Treatment of diabetic gustatory sweating has drawn on experience from surgical cases of Frey's syndrome. These approaches focus on symptomatic relief only and have no documented impact on the course of the syndrome or directly on glycemic control. Tight glycemic control also does not reverse existing dysautonomia. (9) Several systemic therapies have been used with varying degrees of success. Oral anticholinergic agents, including scopolamine, oxybutynin, propantheline, and glycopyrrolate, have improved symptoms (3,12); however, concurrent illnesses and adverse reactions, including mouth dryness, constipation, potential worsening of gastroparesis, and confusion, limit the use of systemic therapies. Clonidine has also been used with some success but is also limited by side effects such as dry mouth and hypotension. (3) Such intolerability led to the investigation of nonsystemic approaches. Noting the efficacy of oral antimuscarinic agents, several investigators have used topical glycopyrrolate. (1,2,4,5,12) Th is quaternary ammonium compound has been shown to significantly decrease the incidence, severity, and frequency of sweating with eating' and is tolerated well. (2,12) Botulinum toxin has been used for gustatory sweating, though in most literature it is limited to use in unilateral, surgical-related cases. (13) In cases in which more conservative measures have failed and symptoms are disabling, surgery may be done; however, tympanic neurectomy or subdermal fascia grafts are invasive, difficult procedures and have varying, and often temporary, efficacy. (12)


Gustatory sweating is a common, albeit underrecognized, manifestation of diabetic autonomic dysfunction. This should be considered in any presentation of excessive diaphoresis in a patient with a long duration of diabetes mellitus. Diagnosis, although nonspecific, relies on taking a careful history and exploration for other evidence of dysautonomia. Symptomatic treatments with well-documented efficacy are available in various dosage forms.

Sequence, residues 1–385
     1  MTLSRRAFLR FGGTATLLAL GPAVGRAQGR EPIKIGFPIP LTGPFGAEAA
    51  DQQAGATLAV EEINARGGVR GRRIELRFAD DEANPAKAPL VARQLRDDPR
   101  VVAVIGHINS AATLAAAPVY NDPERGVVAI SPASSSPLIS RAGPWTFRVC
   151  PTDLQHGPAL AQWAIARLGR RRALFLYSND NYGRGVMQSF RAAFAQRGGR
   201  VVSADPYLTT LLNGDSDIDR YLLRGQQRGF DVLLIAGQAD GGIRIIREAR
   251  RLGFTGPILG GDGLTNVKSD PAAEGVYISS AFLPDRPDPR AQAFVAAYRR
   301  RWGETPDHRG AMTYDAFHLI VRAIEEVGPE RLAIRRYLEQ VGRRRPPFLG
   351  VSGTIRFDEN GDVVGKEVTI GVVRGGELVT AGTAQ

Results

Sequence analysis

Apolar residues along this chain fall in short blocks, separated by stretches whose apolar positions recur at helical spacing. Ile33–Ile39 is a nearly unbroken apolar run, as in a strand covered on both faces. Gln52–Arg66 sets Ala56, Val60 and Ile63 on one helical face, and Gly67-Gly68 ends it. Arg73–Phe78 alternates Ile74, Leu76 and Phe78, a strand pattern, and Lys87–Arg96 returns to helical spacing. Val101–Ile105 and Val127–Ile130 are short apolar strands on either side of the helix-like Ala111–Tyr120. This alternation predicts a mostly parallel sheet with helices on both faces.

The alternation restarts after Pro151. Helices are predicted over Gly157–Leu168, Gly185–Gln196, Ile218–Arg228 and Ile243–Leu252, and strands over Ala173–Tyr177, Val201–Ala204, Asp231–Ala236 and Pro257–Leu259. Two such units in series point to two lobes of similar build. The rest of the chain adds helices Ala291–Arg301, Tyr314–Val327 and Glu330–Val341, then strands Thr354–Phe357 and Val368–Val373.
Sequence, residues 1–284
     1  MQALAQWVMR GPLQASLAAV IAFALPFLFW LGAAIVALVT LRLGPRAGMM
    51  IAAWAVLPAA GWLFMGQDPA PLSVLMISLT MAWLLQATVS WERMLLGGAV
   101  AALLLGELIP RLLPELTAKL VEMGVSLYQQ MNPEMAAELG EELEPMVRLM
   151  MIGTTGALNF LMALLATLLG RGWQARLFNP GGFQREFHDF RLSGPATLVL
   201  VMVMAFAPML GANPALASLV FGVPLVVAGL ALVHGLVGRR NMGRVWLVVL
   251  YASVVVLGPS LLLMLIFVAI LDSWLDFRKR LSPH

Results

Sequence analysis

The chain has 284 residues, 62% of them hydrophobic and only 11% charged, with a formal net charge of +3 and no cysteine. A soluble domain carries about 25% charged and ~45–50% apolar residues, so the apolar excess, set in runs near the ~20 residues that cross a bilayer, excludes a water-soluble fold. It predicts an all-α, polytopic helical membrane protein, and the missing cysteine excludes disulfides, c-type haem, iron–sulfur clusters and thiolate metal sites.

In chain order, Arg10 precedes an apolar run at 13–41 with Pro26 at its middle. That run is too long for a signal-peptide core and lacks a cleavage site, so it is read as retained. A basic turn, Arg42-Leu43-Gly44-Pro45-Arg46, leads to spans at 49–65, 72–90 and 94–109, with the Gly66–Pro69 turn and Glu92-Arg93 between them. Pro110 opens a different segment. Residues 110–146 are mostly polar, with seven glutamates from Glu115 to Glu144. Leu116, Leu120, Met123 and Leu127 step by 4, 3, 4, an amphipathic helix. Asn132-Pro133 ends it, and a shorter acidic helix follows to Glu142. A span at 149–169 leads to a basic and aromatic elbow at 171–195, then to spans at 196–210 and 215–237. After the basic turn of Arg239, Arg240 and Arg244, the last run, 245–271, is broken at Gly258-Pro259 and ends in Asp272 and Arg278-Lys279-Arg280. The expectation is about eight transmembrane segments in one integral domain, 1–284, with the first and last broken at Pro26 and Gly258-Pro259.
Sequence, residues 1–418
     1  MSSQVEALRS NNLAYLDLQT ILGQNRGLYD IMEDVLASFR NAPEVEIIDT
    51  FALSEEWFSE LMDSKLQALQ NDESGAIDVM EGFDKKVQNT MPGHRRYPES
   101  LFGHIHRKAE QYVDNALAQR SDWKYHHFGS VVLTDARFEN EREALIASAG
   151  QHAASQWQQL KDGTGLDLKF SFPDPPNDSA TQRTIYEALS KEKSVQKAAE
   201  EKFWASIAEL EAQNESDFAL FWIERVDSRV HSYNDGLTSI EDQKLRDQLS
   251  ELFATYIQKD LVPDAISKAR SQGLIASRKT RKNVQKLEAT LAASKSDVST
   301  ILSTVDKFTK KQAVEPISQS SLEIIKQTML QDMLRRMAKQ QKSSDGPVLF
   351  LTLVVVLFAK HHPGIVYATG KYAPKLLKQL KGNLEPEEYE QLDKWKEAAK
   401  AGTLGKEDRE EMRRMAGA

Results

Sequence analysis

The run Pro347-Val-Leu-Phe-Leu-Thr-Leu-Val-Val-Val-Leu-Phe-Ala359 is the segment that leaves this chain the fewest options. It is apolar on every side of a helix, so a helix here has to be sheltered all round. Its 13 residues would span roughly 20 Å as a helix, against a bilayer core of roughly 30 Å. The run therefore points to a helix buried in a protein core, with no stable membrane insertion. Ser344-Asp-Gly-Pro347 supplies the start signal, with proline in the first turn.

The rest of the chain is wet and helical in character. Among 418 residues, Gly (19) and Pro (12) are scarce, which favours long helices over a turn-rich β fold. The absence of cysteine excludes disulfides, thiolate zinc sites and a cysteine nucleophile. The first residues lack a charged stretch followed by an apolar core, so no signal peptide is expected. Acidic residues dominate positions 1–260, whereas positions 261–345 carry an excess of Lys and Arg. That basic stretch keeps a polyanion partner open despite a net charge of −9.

Selected Bedside Evaluations of Autonomic Nervous System Function

Type of Test Name of Test How Test Performed

Parasympathetic Basal HR (6,7) Compare resting HR
CV system with control
 Valsalva Have patient bear
 ratio (6,8-10) down for 15-30 seconds
 or blow against
 manometer to 40 mL
 for 10-15 seconds
 and compare R-R
 interval on marked
 EGG with baseline
 HR changes Monitor HR on marked
 with deep ECG while patient
 inspiration (6,8-9) takes 6 deep breaths
 per minute
 Postural HR Obtain HR after
 changes (6,8-11) standing from supine

 Carotid sinus Firm pressure on
 massage (8,10) unilateral carotid
 artery and observe HR
Sympathetic Postural BP Obtain BP after
CV System changes (7-11) standing from
Testing supine position

Type of Test Normal Response Response

Parasympathetic Higher basal HR
CV system
 Ratio of longest: Valsalva ratio <1.4
 shortest R-R
 (Valsalva ratio)
 >1.4 when
 comparing R-R
 during rest and
 during the Valsalva
 R-R will increase Minimal R-R
 with inspiration variability with

 R-R interval 30:15 ratio <1.04
 should increase
 11-29 bpm by
 the 15th heartbeat
 after standing and
 then slow by the
 30th beat (30:15
 ratio should be
 HR should fall HR will not
Sympathetic SBP decreases SBP decreases
CV System <30 mm Hg and >30 mm Hg or
Testing DBP decreases DBP decreases
 <15 mm Hg > l5 mm Hg

 Case Study
Type of Test Response

Parasympathetic Average HR 80-85
CV system bpm
 Valsalva ratio 1.0

 No R-R variability
 with deep inspiration

 30:15 ratio = 0.90

 No appreciable HR

Sympathetic SBP fell 45 mm Hg
CV System upon standing from
Testing supine position

CV = Cardiovascular,

HR = heart rate,

bpm = beats per minute,